Setting up haemovigilance from the very first step. The Indian perspective

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Background and Objectives

Setting up a national haemovigilance programme requires meticulous planning, and the following issues need to be addressed: whether reporting will be voluntary or mandatory, what is to be reported and by whom, reporting formats and resources to sustain the programme. With this in view, it was aimed to set up a national haemovigilance programme in India.

Materials and Methods

The Ministry of Health and Family Welfare, Govt. of India had launched the national Pharmacovigilance Programme (PvPI) in July 2010, with oversight by the Indian Pharmacopoeia Commission. Adverse Drug Reaction (ADR) Centres were set up in 90 medical institutes in the country, and trained staff was recruited for data collection and submission. After the successful establishment of PvPI, the haemovigilance programme was initiated as a collaborative venture between National Institute of Biologicals (NIB) and Indian Pharmacopoeia Commission with the coordinating centre at NIB. Five expert subgroups with defined responsibilities will analyse and collate data and make evidence-based recommendations to the regulatory authorities for blood safety initiatives and their compliance.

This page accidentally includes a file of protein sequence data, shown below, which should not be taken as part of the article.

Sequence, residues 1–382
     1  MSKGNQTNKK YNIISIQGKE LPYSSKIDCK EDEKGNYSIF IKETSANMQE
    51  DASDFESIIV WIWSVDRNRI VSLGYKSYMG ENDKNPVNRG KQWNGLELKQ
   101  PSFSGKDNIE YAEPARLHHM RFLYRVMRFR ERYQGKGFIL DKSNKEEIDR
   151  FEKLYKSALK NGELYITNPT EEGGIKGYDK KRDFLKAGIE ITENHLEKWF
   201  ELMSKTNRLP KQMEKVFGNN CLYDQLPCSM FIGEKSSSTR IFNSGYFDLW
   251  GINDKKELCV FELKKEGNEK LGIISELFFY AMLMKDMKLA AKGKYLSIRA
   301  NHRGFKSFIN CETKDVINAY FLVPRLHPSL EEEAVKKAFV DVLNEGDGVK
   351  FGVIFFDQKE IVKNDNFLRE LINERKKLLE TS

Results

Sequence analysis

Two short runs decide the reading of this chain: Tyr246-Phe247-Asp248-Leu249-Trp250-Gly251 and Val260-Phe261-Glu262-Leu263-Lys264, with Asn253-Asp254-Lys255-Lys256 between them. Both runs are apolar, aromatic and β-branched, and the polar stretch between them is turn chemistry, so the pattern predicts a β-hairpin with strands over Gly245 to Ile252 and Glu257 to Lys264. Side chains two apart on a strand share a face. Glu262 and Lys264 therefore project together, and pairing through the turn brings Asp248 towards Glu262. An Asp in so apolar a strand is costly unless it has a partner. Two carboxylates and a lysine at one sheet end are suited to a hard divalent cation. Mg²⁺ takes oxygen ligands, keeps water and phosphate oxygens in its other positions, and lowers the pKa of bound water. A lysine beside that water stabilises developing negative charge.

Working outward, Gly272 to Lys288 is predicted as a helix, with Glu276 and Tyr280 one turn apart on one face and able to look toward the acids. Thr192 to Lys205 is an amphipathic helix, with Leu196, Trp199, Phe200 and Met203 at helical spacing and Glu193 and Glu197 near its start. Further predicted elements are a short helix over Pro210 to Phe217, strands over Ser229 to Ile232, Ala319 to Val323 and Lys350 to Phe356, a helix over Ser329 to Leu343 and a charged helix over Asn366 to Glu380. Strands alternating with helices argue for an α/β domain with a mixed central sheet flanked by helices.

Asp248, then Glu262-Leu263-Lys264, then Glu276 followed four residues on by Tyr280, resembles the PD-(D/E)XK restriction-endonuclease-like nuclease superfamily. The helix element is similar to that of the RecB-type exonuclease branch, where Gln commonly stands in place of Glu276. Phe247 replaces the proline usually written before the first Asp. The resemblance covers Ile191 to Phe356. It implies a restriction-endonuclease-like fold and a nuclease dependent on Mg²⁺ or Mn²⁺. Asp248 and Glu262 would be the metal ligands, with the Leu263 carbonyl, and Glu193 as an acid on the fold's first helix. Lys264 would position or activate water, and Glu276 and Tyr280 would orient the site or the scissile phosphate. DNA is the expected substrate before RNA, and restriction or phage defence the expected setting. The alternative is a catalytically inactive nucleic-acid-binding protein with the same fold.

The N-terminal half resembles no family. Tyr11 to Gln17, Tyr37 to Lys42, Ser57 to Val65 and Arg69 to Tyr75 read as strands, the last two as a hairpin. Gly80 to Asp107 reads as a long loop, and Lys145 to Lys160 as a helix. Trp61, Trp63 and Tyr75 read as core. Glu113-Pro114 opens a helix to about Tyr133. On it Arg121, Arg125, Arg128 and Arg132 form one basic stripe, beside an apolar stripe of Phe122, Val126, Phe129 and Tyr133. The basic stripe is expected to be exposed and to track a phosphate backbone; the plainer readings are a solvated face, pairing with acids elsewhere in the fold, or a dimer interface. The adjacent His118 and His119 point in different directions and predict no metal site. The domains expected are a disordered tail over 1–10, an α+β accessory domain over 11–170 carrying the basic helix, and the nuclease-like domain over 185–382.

The initial focus is on reporting the adverse reactions as defined by the Working Party of the International Society of Blood Transfusion, reporting is voluntary, and a Guidance Document and the TRRF have been made available to the medical institute blood banks. The reporting is online through software, ‘Haemo-Vigil’. Reporting commenced from February 2013 and till date 731 reports of adverse reaction have been submitted.


A well-structured programme of haemovigilance has been initiated in India.

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